But these changes in clinical practices have yielded disappointingly small gains in patient outcomes over time. The UK National Treatment Agency is now emphasizing the need for patients to be retained in treatment for 12 weeks. I wish them luck, but when the VHA did this the proportion of patients retained for 12 weeks increased but the proportion who got better barely budged. Similar findings have emerged in other fields. Even major improvements in the quality of a hospital’s care for heart attacks, for example, makes only a slight impact on mortality rates.
This is less surprising than it first may seem. Physical health is profoundly influenced by behavior and environment. The moment a patient leaves treatment (or in an outpatient setting, even while they are in treatment) the environment presses on them in many ways that can advance or impede their health. A patient who is discharged from a residential rehabilitation program to their hovel in a depressed, crime ridden neighborhood with many liquor stores and corner drug dealers may relapse immediately no matter how good or bad the rehabilitation program. Other patients return to recovery-supportive environments that can overcome the effect even of poor treatment services.
The weak connection between changes in treatment process and patient outcomes has led some policymakers to incentivize outcomes directly. We know this can work at least in the short term for patients. For example, methadone patients who are given take home doses in response to a week of heroin-free urines are more likely to stay clean.
Efforts to reward treatment programs for good outcomes (e.g., in the State of Maine) have run into problems though, including the tendency of agencies to begin “creaming” their caseload, i.e., finding reasons not to admit patients who are unlikely to improve. Further, if the outcome assessment is done after treatment, there are significant costs in finding patients again to assess them. Last but not least, if the treatment program does the post-treatment assessment itself through self-report (rings up to ask “You are still sober, right?”), it’s pretty easy to game the system and overstate outcomes.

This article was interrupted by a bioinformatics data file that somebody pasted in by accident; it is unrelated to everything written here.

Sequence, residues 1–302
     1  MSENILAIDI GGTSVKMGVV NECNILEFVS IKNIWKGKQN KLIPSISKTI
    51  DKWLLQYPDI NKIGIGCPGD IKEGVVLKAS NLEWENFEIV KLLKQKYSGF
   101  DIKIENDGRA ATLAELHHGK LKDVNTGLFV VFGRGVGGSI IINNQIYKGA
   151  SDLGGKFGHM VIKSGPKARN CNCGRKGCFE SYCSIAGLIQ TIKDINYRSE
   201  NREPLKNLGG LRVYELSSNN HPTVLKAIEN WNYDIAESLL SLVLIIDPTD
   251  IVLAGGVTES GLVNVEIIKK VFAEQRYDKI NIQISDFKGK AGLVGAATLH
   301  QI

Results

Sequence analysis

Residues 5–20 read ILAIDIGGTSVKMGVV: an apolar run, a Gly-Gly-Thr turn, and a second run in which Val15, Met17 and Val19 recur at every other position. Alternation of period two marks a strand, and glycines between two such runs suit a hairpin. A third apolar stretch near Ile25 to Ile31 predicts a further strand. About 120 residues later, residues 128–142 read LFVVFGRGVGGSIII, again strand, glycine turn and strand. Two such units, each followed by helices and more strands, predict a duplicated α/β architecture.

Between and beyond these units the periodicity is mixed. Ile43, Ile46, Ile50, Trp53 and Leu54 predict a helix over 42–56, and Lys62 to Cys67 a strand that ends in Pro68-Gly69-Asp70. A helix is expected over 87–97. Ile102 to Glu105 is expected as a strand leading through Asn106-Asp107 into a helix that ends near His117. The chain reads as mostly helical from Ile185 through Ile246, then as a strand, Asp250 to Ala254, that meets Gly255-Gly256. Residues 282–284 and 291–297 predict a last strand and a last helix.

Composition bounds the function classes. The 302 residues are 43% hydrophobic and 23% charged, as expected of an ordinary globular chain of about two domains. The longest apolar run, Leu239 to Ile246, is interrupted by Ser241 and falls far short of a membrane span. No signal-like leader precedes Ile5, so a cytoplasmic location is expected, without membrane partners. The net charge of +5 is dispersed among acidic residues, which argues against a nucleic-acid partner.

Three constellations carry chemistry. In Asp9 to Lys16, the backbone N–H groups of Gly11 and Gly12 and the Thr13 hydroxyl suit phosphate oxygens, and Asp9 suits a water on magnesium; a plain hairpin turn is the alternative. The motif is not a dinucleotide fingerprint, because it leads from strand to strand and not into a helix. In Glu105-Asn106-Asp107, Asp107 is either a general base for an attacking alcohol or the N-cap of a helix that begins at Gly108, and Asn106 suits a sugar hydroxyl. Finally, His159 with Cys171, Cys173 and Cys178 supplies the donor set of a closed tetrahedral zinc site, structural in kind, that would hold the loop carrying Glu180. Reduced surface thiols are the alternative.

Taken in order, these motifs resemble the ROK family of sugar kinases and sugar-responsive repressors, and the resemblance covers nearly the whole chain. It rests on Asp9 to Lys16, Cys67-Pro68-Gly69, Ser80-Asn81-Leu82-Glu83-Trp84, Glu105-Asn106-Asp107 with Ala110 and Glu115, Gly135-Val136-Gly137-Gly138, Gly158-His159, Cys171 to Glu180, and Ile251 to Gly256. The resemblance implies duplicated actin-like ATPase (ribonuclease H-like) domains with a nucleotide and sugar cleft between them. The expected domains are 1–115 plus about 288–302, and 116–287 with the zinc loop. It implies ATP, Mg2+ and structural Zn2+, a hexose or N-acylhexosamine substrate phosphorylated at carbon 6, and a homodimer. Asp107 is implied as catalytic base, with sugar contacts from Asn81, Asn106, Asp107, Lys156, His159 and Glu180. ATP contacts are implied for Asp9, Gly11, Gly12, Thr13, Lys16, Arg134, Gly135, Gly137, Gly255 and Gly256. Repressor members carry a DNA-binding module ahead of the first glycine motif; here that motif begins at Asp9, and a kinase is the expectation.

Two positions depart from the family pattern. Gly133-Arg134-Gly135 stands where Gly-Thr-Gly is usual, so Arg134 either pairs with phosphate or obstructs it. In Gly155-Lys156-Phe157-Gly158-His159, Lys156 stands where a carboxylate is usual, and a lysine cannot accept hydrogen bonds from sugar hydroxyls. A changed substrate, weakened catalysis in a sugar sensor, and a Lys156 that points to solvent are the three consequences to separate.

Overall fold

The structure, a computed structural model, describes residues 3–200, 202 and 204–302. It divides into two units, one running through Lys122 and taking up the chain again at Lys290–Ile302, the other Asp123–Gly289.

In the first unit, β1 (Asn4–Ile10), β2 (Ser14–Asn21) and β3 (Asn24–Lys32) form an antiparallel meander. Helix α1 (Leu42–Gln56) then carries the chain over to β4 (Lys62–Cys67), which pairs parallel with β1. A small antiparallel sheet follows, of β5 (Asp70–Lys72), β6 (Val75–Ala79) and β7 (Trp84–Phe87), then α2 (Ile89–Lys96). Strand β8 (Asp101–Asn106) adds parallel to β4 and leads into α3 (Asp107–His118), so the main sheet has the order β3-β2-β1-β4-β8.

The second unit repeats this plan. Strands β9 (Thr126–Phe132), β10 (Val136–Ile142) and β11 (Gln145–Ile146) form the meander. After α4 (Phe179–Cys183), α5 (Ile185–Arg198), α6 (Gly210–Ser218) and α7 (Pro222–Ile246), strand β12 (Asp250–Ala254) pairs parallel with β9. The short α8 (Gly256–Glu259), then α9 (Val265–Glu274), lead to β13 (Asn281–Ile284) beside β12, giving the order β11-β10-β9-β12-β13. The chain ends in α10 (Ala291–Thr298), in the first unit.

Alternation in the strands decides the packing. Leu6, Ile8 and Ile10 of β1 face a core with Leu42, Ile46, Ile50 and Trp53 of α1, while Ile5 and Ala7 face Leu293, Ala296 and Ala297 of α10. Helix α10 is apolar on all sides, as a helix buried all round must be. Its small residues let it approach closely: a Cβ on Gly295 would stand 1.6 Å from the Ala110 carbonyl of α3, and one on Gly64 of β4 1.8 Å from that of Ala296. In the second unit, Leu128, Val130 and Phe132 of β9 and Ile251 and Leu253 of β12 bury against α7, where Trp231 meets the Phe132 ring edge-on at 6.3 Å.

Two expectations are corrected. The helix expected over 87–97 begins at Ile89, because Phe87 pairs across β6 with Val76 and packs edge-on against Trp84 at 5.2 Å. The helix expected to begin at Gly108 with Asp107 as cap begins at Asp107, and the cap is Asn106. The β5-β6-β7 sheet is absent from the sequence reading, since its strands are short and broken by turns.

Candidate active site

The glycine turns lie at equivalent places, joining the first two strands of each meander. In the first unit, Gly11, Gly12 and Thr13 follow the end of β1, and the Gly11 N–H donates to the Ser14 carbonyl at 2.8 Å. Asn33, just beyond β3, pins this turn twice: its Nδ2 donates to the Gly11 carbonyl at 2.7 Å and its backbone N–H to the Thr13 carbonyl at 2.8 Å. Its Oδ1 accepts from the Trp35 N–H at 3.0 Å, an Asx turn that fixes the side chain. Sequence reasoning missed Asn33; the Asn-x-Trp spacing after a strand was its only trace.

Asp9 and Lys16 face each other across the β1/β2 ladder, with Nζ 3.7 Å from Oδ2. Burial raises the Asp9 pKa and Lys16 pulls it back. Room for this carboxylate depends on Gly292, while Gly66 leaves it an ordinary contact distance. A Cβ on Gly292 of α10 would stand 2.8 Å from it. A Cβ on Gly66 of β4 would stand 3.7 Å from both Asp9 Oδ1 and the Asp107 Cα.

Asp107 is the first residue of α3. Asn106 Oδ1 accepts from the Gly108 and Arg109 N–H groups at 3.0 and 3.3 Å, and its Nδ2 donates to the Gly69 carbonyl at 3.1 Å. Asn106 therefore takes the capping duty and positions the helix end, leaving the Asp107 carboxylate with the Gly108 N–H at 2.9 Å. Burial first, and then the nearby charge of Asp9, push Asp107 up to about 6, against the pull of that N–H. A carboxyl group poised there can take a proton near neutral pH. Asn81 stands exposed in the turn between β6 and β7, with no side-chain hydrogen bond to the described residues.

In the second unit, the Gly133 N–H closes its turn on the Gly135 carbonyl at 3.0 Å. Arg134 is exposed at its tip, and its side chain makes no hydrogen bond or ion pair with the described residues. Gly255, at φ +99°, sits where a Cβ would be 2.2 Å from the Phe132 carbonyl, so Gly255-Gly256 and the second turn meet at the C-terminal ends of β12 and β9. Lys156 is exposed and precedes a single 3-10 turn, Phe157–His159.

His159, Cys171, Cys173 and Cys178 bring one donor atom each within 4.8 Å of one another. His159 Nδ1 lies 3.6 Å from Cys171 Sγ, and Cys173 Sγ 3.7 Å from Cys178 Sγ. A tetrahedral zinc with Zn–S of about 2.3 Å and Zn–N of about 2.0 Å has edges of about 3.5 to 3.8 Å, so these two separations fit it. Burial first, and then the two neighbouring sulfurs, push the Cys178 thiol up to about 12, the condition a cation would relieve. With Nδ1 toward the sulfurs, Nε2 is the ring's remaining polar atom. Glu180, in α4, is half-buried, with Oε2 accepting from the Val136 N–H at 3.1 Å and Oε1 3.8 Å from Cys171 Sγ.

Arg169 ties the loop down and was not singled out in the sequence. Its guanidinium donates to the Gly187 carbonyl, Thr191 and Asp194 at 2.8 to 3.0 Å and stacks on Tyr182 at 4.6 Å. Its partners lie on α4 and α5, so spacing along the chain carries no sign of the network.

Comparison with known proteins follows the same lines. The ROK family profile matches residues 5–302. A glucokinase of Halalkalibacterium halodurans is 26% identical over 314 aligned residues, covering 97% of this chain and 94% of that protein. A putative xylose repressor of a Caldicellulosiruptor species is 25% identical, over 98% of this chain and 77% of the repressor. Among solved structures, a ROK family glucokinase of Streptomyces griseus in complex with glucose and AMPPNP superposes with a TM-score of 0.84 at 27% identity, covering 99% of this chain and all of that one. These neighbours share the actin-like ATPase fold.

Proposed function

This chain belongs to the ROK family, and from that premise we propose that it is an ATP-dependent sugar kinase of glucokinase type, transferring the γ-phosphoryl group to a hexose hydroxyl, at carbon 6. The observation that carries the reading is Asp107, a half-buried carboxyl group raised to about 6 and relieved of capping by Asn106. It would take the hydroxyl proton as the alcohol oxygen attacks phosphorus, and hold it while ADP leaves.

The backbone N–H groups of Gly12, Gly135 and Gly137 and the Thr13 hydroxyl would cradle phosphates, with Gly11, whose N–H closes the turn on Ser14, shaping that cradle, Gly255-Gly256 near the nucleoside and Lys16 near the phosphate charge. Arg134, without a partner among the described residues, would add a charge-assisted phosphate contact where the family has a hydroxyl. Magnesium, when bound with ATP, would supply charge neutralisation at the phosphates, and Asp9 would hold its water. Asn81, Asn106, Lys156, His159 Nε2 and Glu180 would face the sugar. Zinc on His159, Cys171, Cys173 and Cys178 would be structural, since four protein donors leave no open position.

These problems can be surmounted to some extent by rewarding programs for outcomes measured biologically (these are harder to game than self-reports) while the patient is in treatment (and is thus easier to find). This approach would require regular urine, blood or breath tests of all patients during treatment, but treatment programs should be doing that anyway just as a cardiologist should be checking blood pressure every time he or she sees a hypertension patient.
A more radical approach to improving quality is to make treatment services more like a free market and let patients buy services that will help them recover. This approach brings in normal market pressures for quality, i.e., Providers offer better services because they are in competition with other providers for the patients’ money. The Bush Administration adopted and the Obama Administration expanded this approach with a $100M voucher program known as Access to Recovery. After their initial stabilization in early addiction treatment, patients receive a voucher worth about $1500 to buy things like work clothes, resume-writing help, dental care, community college courses, babysitting, bus tokens etc. The first evaluation of this approach was conducted in the State of Washington and found that patients receiving vouchers had higher rates of employment and treatment retention than similar patients who did not.
None of these approaches to treatment effectiveness improvement need be applied singly. Indeed a mix of approaches is particularly likely given the current UK government’s push for more local decision making. Whatever policy(ies) are ultimately implemented in the UK will face substantial bureaucratic inertia and some provider skepticism, but also might generate enthusiasm within the more innovation-minded sectors of the treatment field.
This is the last extended post on a single topic in this series about UK drug and alcohol policy. My next and final post will briefly address a range of topics which have been raised along the way by readers of this series.